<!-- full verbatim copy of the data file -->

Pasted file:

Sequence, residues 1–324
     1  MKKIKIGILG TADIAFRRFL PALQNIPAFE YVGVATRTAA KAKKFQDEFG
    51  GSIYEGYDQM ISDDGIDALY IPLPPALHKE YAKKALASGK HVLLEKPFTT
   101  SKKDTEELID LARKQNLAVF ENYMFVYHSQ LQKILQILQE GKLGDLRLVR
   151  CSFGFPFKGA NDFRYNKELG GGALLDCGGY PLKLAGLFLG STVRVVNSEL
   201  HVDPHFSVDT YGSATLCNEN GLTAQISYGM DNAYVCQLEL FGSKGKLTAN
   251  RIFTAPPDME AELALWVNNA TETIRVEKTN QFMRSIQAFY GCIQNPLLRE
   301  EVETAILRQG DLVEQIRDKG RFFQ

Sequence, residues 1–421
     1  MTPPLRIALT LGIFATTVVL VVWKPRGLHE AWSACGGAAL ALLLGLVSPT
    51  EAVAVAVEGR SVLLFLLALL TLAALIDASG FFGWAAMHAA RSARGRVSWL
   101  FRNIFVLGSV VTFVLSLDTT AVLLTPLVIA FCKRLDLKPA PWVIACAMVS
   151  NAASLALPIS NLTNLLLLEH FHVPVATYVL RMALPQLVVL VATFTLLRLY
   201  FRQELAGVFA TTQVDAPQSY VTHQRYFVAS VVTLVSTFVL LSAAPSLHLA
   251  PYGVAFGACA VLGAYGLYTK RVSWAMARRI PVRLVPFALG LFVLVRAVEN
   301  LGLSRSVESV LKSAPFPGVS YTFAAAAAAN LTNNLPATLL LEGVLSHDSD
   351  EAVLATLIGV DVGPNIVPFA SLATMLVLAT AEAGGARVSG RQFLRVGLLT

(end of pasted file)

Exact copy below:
Sequence, residues 1–324
     1  MKKIKIGILG TADIAFRRFL PALQNIPAFE YVGVATRTAA KAKKFQDEFG
    51  GSIYEGYDQM ISDDGIDALY IPLPPALHKE YAKKALASGK HVLLEKPFTT
   101  SKKDTEELID LARKQNLAVF ENYMFVYHSQ LQKILQILQE GKLGDLRLVR
   151  CSFGFPFKGA NDFRYNKELG GGALLDCGGY PLKLAGLFLG STVRVVNSEL
   201  HVDPHFSVDT YGSATLCNEN GLTAQISYGM DNAYVCQLEL FGSKGKLTAN
   251  RIFTAPPDME AELALWVNNA TETIRVEKTN QFMRSIQAFY GCIQNPLLRE
   301  EVETAILRQG DLVEQIRDKG RFFQ

Sequence, residues 1–421
     1  MTPPLRIALT LGIFATTVVL VVWKPRGLHE AWSACGGAAL ALLLGLVSPT
    51  EAVAVAVEGR SVLLFLLALL TLAALIDASG FFGWAAMHAA RSARGRVSWL
   101  FRNIFVLGSV VTFVLSLDTT AVLLTPLVIA FCKRLDLKPA PWVIACAMVS
   151  NAASLALPIS NLTNLLLLEH FHVPVATYVL RMALPQLVVL VATFTLLRLY
   201  FRQELAGVFA TTQVDAPQSY VTHQRYFVAS VVTLVSTFVL LSAAPSLHLA
   251  PYGVAFGACA VLGAYGLYTK RVSWAMARRI PVRLVPFALG LFVLVRAVEN
   301  LGLSRSVESV LKSAPFPGVS YTFAAAAAAN LTNNLPATLL LEGVLSHDSD
   351  EAVLATLIGV DVGPNIVPFA SLATMLVLAT AEAGGARVSG RQFLRVGLLT